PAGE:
1. Not finding help here? Sign up for a free 30min tutor trial with Chegg Tutors
    Dismiss Notice
Dismiss Notice
Join Physics Forums Today!
The friendliest, high quality science and math community on the planet! Everyone who loves science is here!

3d - Vector question

  1. Feb 4, 2009 #1
    where is the flaw in the following:
    it is possible to define a 3d vector using the form:
    (x,y,z) = (x_1,y_1,z_1)+t(a,b,c)
    this can then be parameterized to become

    x = x_1 + a*t
    y = y_1 + b*t
    z = z_1 +c*t

    so, for example, given the vector (x,y,z) = (1,2,3) + t(5,6,7)
    one can parametrize it to become:

    x = 1 + 5t
    y = 2 + 6t
    z = 3 + 7t

    solving the first equation for t gives
    t = (x-1)/5

    plugging that into the other two equations gives:

    y = 2 + 6/5 * (x-1)
    z = 3 + 7/5 * (x-1)

    solving the second one for x gives:

    x = (5*z-8)/7

    changing y = 2 + 6/5 * (x-1) to y = 2 + 6/5 * (2x-x-1)
    and in the -x spot putting -(5*z-8)/7 yeilds:

    y = 2 + 6/5 * (2x-(5*z-8)/7-1)

    simplifying gets:
    76 = 35 y + 30 z - 84 x

    which is the equation of a plane.
    this cannot possibly be right as i started out with a 2-d object (the vector)

    where did i mess up?
    (p.s. i tried to do all of this algebraically but it got too ugly for me)

    thanks.
     
  2. jcsd
  3. Feb 4, 2009 #2

    djeitnstine

    User Avatar
    Gold Member

    First of all, that is not the equation of a vector, it is a vector equation of a line.

    In that equation there exists 2 vectors, the position vector r and direction vector v

    so in your example

    r = <1,2,3>
    v = <5,6,7>

    so your line starts at (1,2,3) and points in the direction <5,6,7>
     
  4. Feb 4, 2009 #3
    sorry if i used the wrong words. the fact remains that i began with a line/line segment/vector and ended up with an equivalent plane. this is not possible. where is the mistake?
     
  5. Feb 5, 2009 #4
    You think you have made a mistake where you haven't (except possibly a conceptual one).

    You get the equation of a plane containing the line.

    Your calculations are correct. All you have done is introduced extra solutions. What you have essentially proven is that if (x, y, z) = (1, 2, 3) + t(5, 6, 7) for some t, then 76 = 35y + 30z - 84x. It, of course, is not true that if 76 = 35y + 30z - 84x, then (x, y, z) = (1, 2, 3) + t(5, 6, 7) for some t, but you haven't proven this (which is good, since it's false).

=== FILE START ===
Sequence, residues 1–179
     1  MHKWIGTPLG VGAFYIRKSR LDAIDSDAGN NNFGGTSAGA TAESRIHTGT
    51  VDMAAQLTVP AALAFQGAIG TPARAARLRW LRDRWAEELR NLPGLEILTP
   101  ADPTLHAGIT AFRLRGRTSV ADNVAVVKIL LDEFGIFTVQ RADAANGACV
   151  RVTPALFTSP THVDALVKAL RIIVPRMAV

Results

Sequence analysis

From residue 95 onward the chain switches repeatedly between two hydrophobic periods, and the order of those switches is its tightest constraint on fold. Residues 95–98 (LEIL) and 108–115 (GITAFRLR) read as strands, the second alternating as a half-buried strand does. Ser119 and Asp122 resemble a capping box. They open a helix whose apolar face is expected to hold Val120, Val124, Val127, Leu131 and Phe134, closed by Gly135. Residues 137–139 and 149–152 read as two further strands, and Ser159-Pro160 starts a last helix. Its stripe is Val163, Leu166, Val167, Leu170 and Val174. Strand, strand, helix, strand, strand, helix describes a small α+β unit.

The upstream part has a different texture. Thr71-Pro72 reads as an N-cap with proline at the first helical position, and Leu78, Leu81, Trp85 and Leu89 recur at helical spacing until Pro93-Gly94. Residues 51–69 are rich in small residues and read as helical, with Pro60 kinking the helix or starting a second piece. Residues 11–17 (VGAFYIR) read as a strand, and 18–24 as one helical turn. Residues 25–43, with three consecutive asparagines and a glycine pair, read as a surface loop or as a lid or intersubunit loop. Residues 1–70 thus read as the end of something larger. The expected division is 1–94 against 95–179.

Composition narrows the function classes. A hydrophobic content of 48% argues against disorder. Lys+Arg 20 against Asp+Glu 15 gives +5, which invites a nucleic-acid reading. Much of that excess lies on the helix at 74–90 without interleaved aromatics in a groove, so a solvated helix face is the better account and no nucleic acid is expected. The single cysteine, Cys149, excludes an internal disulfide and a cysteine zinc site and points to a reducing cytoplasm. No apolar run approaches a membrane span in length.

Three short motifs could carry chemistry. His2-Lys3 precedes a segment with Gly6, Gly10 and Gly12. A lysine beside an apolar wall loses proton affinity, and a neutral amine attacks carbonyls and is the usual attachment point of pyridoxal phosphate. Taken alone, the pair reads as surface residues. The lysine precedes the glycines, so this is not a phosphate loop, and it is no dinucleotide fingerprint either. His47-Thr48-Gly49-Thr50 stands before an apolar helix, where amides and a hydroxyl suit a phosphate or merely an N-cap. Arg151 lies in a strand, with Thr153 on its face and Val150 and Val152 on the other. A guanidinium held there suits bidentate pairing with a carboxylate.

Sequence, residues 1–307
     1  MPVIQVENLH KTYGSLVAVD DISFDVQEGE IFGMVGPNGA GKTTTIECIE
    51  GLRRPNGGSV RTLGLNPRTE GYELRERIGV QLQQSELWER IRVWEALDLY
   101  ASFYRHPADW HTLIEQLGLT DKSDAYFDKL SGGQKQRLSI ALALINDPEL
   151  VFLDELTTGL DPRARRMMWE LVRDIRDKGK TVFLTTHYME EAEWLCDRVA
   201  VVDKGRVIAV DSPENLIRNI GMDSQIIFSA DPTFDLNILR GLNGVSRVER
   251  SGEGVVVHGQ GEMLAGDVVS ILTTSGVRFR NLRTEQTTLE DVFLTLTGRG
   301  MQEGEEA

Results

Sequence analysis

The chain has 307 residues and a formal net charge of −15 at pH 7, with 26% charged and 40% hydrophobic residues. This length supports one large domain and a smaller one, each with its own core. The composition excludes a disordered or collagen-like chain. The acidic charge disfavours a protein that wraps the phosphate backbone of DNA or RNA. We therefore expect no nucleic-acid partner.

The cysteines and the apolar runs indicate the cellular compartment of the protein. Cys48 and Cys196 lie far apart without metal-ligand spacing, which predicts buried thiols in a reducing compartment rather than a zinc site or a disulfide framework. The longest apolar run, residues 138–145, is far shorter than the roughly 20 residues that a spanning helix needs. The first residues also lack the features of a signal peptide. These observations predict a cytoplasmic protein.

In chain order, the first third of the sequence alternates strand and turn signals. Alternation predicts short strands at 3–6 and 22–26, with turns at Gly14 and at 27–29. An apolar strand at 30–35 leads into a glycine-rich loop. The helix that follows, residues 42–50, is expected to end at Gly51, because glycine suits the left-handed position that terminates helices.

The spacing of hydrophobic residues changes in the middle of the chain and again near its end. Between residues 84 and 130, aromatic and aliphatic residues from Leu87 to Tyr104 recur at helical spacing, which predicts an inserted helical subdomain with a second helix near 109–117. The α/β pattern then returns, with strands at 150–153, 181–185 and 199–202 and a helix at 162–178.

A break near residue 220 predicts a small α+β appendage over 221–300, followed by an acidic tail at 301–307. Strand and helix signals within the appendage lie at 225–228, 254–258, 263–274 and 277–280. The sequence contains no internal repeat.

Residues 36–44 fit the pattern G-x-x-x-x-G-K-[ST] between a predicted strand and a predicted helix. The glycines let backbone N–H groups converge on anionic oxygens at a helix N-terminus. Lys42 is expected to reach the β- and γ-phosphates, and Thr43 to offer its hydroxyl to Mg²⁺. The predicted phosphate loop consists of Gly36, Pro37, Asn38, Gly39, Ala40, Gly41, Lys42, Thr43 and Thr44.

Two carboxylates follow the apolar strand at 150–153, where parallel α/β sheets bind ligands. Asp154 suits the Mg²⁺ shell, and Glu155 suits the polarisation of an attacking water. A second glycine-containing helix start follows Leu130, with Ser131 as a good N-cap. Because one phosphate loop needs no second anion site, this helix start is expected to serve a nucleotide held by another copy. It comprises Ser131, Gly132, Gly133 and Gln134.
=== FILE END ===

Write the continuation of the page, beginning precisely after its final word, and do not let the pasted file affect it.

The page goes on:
I imagine with some slight variations, you will find an equation for a different plane. However, it will still be a plane containing the original line; the two planes you found would intersect at this line.
     
  6. Feb 5, 2009 #5

    djeitnstine

    User Avatar
    Gold Member

    There are only 3 forms of a line in 3d. The vector, parametric and symmetric forms.

    Taking your example gives:

    vector form: [tex]\vec{r}=<1,2,3> + t<5,6,7>[/tex]

    symmetric form: [tex]\frac{x-1}{5}=\frac{y-2}{6}=\frac{z-3}{7}[/tex]

    parametric form: [tex]x = 1+5t[/tex] , [tex]y = 2+6t[/tex] , [tex]z = 3+7t[/tex]

    Of course you can figure out how the line behaves in each plane (which I presume you are searching for) by solving the symmetric form gives you the trivial equation [tex]y=mx+c[/tex] on a particular plane. For example [tex]z=my+c[/tex] (zy plane) or [tex]z=mx+c[/tex] (zx plane) etc...

    Edit I left out the 2 point form which looks like: [tex]\frac{x-x_{1}}{x_{2}-x_{1}}=\frac{y-y_{1}}{y_{2}-y_{1}}=\frac{z-z_{1}}{z_{2}-z_{1}}[/tex] so there are 4 (viewed at http://www.cs.fit.edu/~wds/classes/cse5255/thesis/lineEqn/lineEqn#2ptEqn)
     
    Last edited: Feb 5, 2009
  7. Feb 5, 2009 #6
    let me try to explain:
    i got three parametric equations.
    i simplified them into one equation
    i got the equation of a plane.
    therefore, i know something went wrong.
    read the PDF to see exactly what i did.
     

    Attached Files:

  8. Feb 5, 2009 #7
    Read my post. Then read it again.
     
  9. Feb 5, 2009 #8

    djeitnstine

    User Avatar
    Gold Member

    adriank is correct. All you have shown is a plane that the line lies upon. There are infinitely many.
     
  10. Feb 5, 2009 #9
    that is not the case, as i have locked it down to one plane. what happened to all of the others?
     
  11. Feb 5, 2009 #10

    djeitnstine

    User Avatar
    Gold Member

    I will answer you question with another, how many equations did you solve for t? I see 3 different solutions for t

    Also, how many lines of the same slope and direction lie upon a single plane ?
     
  12. Feb 5, 2009 #11
  13. Feb 5, 2009 #12
    In response to djeitnstine, i only solved one.
    doe that mean anything?
     
  14. Feb 8, 2009 #13
    show that the line containing the points (0,0,5) and (1,-1,4) is perpendicular to the line with equations:

    x/7=y-3/4=z+9/3

    i need help with this question..
     
  15. Feb 8, 2009 #14
    Find vectors parallel to each line, and show that their dot product is zero.
     
  16. Feb 8, 2009 #15
    thank you adriank:)
    so;

    x/7=y-3/4=z+9/3=t

    solving the first equation for t gives;

    x/7=t so x=7t

    and other two:

    y-3/4=t so y=4t+3.
    z+9/3=t so z=3t-9.

    u=(7,4,3) and P= (0,3,-9) is on l.
    u is paralell to l.

    then we find another point on l.
    x=2 so y=29/7 and z= -57/7.

    P1(2,29/7,-57/7)

    as we have Q (0,0,5) and Q1 (1,-1,4) ; Q1-Q= (1,-1,-1).

    P(0,0,-9) and P1( 2,29/7,-57/7) ; P1-P= (2,8/7,6/7)

    P1P*Q1Q=2-8/7-6/7=0 so we can say Q1Q is perpendiclar to l.

    is it true? could you pls explain? i'm not sure..
     
Know someone interested in this topic? Share this thread via Reddit, Google+, Twitter, or Facebook

Have something to add?



Similar Discussions: 3d - Vector question
  1. 3D Plane question (Replies: 3)

  2. 3D geometry (Replies: 18)

  3. Trig in 3D (Replies: 1)

Loading...